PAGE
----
Percent of adults consuming four (women) or five (men) or more drinks on one occasion during the past 30 days

Measure Overview

Excessive use of alcohol is associated with a wide range of adverse health outcomes, such as chronic diseases, injuries, and early death. Binge drinking is the most common pattern of excessive alcohol use in the United States. In addition to the potential harms of binge drinking at the individual level, binge drinking can cause physical, mental, and emotional harm to unborn children, family members, and other individuals exposed to binge drinking behavior, making it a serious public health issue. Understanding the prevalence of and trends in binge drinking across the U.S. and among different demographic groups can help identify areas for targeted interventions and inform policymakers and the general public on ways to combat excessive alcohol use.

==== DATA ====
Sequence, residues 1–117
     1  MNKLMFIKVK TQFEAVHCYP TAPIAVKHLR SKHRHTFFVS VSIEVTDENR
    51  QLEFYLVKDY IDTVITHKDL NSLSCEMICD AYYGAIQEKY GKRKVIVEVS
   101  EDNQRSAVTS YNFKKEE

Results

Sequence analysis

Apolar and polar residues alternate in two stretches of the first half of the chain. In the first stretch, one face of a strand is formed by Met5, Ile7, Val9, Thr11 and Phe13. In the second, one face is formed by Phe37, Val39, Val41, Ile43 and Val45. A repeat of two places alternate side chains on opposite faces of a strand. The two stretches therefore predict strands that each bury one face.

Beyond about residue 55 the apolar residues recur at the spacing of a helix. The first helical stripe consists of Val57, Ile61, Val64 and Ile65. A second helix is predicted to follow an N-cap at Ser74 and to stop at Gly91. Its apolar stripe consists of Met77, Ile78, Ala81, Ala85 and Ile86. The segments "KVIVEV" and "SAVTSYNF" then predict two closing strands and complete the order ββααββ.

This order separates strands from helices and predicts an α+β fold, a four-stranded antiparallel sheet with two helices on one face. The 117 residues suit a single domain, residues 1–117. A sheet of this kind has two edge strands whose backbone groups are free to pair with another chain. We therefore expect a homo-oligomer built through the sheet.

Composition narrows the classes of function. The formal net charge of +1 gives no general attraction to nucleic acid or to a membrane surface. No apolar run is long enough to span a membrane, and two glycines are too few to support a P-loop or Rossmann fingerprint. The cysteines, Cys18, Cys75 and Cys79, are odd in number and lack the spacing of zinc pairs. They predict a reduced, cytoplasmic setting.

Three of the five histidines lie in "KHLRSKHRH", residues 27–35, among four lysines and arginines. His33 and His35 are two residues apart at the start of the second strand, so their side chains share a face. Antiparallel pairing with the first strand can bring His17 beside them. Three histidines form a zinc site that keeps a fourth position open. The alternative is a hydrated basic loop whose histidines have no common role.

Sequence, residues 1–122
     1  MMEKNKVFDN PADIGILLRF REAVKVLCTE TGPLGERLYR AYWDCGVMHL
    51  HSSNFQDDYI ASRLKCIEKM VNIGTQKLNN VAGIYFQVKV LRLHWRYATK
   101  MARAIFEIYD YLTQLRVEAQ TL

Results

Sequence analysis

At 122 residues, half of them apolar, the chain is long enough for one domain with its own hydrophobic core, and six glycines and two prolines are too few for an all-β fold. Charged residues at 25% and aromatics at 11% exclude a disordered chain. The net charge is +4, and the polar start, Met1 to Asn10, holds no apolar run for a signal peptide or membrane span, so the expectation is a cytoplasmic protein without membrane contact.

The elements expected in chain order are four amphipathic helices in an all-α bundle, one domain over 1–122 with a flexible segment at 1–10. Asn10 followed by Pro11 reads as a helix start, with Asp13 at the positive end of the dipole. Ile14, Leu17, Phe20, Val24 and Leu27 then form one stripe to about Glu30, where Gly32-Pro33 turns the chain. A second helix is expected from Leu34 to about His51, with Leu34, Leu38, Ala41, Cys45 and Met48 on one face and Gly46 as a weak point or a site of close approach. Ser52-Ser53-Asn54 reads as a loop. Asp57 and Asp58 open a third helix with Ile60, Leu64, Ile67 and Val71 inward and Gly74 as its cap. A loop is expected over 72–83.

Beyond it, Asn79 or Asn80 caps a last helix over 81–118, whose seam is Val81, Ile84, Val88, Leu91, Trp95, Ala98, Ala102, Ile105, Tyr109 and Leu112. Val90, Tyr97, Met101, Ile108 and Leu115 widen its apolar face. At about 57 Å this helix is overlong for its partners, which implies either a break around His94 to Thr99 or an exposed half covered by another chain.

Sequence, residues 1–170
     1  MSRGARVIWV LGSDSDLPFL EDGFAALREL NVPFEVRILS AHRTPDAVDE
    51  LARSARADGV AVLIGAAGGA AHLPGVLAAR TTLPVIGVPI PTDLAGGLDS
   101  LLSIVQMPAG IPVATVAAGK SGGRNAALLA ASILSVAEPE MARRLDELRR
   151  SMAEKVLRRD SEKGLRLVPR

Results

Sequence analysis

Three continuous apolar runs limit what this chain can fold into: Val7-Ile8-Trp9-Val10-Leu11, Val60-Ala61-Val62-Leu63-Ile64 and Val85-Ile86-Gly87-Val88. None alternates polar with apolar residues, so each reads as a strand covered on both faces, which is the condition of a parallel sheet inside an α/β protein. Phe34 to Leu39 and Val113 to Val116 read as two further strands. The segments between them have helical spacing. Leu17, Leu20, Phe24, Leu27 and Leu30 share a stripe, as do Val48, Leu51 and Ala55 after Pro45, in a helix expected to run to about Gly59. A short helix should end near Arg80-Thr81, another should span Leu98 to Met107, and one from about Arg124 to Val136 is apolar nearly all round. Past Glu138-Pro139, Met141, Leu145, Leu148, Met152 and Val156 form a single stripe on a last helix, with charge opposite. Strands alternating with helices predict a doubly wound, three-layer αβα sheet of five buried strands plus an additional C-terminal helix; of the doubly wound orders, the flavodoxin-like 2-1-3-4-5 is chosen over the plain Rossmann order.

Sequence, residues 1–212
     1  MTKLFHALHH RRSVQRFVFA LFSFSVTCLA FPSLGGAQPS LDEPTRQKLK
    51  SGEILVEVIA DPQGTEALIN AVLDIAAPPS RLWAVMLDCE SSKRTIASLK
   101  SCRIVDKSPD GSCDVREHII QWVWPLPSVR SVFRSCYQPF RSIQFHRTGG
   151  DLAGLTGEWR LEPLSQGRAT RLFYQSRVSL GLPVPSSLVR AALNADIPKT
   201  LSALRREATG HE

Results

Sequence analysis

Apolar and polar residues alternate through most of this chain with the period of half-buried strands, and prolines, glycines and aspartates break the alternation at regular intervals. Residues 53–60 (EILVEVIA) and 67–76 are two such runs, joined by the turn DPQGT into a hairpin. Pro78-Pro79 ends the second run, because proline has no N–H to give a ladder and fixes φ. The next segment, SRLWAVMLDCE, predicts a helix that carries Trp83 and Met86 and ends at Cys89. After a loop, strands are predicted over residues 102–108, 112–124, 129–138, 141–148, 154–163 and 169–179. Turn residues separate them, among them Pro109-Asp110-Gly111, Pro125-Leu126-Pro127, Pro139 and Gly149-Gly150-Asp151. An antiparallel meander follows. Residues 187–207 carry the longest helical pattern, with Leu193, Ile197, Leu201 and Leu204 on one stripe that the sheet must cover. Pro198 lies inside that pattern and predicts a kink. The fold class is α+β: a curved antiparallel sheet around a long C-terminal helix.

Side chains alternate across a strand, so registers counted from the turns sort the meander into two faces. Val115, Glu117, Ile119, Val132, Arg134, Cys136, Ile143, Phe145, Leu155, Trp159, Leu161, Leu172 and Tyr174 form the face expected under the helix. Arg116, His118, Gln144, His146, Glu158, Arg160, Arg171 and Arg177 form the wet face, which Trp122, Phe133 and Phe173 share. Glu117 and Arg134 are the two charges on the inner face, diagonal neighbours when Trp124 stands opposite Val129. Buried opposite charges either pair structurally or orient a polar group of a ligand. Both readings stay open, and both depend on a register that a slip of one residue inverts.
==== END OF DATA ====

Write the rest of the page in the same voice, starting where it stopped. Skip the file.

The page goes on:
State Health Compare provides annual, state-level rates of adults who reported binge drinking during the past 30 days. Estimates are available beginning in 2005 and are based on findings from the Centers for Disease Control and Prevention’s (CDC) Behavioral Risk Factor Surveillance System (BRFSS) survey. Two breakdowns are available for this measure: educational attainment and race/ethnicity.

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